UConn’s improbable run to the NCAA men’s basketball national title was more than a historical feat that wrapped up another March Madness on Monday in front of more than 70,000 spectators in Arlington, Texas.
It was a begrudging battle between right and wrong. Between good and evil. Between overwhelming expectations and equally underwhelming expectations.
While Connecticut became the first 7-seed to ever claim the championship with a 60-54 win over No. 8 Kentucky, college basketball fans went to bed at ease knowing all things in the world of college hoops were briefly back to normal.
UConn head coach Kevin Ollie, in just his second season, outgunned controversial counterpart John Calipari in his first trip to The Dance as the main man in charge.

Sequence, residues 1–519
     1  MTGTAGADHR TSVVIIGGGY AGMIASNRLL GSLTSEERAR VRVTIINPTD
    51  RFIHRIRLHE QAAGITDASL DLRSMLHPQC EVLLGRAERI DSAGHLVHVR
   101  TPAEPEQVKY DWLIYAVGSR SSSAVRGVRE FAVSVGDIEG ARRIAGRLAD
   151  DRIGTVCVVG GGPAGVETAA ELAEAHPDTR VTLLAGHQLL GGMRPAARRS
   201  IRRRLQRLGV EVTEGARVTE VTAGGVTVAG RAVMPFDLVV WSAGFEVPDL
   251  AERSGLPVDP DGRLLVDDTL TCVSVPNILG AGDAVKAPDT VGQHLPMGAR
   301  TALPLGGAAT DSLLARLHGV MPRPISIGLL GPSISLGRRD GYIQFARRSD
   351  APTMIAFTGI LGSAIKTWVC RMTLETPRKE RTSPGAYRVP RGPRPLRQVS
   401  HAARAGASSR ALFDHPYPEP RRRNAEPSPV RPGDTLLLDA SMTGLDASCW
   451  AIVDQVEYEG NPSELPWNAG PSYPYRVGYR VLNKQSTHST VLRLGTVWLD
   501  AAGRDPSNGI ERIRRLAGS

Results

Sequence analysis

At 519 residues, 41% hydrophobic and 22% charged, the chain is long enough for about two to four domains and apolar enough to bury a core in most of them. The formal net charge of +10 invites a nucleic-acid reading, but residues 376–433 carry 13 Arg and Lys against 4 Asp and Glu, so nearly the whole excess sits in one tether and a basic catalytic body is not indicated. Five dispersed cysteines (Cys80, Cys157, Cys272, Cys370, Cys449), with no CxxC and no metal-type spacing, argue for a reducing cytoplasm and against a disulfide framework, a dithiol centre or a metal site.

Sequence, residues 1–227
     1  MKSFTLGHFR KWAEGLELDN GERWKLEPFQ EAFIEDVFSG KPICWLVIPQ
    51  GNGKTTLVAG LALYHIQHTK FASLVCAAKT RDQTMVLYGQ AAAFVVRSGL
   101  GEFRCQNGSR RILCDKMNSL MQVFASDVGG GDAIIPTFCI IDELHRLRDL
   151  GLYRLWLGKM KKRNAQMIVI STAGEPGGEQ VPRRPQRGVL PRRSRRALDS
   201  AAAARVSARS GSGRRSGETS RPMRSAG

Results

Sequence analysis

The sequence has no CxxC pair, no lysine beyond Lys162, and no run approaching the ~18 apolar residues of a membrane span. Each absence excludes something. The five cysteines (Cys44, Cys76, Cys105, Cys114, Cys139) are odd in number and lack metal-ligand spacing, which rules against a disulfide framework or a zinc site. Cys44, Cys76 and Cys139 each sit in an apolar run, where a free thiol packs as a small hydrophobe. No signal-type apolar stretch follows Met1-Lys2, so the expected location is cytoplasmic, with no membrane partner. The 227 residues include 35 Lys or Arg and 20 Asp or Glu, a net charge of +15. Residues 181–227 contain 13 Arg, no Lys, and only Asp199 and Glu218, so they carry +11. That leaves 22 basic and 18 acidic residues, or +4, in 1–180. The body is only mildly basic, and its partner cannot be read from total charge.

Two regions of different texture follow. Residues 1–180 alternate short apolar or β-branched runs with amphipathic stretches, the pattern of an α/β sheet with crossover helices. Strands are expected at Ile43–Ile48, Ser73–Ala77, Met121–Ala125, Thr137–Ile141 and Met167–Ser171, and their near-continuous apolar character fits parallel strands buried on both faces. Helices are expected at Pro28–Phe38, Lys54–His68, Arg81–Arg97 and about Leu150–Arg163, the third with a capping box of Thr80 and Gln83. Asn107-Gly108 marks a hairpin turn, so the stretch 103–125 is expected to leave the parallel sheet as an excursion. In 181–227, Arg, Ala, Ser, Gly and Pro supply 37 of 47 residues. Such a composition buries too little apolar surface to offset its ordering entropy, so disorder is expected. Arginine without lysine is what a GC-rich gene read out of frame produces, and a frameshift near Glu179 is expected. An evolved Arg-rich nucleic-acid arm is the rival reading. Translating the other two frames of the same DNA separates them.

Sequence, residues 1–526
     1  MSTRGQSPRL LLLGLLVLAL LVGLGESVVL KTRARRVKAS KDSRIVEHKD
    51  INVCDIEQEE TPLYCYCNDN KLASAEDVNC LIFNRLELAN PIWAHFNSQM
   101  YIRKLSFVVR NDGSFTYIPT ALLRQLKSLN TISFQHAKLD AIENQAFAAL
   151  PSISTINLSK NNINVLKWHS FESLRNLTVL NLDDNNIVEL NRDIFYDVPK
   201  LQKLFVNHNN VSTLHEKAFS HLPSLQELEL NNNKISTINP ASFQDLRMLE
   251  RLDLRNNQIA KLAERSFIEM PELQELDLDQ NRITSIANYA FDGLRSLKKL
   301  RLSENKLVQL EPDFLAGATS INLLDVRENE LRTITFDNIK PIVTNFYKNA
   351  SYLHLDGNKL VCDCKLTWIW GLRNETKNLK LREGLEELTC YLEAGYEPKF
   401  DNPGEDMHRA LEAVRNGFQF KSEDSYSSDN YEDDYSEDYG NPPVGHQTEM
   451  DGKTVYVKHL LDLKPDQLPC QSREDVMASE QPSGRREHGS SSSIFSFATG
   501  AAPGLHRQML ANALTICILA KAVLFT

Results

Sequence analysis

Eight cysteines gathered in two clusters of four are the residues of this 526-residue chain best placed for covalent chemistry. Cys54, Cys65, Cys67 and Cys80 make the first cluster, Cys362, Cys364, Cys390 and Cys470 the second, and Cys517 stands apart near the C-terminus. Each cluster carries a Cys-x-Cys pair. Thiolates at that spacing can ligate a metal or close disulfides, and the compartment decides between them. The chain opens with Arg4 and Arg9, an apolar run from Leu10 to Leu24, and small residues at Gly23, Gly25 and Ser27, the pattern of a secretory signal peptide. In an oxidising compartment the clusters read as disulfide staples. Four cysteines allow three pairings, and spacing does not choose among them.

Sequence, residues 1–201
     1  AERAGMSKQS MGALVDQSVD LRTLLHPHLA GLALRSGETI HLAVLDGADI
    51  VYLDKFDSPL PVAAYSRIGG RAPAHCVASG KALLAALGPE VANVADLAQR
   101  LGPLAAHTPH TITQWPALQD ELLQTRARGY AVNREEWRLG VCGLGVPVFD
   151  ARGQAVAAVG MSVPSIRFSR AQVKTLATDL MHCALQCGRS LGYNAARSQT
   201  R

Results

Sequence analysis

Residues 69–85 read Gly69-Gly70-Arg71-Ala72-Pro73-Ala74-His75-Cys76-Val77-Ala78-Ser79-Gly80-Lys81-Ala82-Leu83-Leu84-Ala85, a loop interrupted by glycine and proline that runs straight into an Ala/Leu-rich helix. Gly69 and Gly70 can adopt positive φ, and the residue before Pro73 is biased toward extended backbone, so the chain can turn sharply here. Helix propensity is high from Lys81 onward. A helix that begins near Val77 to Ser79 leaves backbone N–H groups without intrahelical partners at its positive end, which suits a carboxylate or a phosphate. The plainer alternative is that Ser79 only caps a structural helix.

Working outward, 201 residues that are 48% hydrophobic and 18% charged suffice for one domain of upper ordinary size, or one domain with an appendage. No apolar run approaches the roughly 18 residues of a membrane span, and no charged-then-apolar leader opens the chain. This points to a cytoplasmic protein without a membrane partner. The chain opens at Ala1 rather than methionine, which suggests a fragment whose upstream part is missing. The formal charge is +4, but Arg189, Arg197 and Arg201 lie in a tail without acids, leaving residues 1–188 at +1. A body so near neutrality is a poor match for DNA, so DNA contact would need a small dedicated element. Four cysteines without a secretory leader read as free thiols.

I’m historically mediocre at filling out March Madness brackets. But I do it ever year, just as I’ve become programed to do over the past three decades. For most sports fans it adds a little more flare to the wild and unpredictable opening rounds of the tournament.
This time I waited until the last minute to fill one out. I wasn’t tempted to wager a single penny on it either, for the first time in years. And then I started to wonder what could have been after watching as my Final Four, and seven of my Elite Eight selections, remained intact entering Thursday and Friday’s Sweet 16.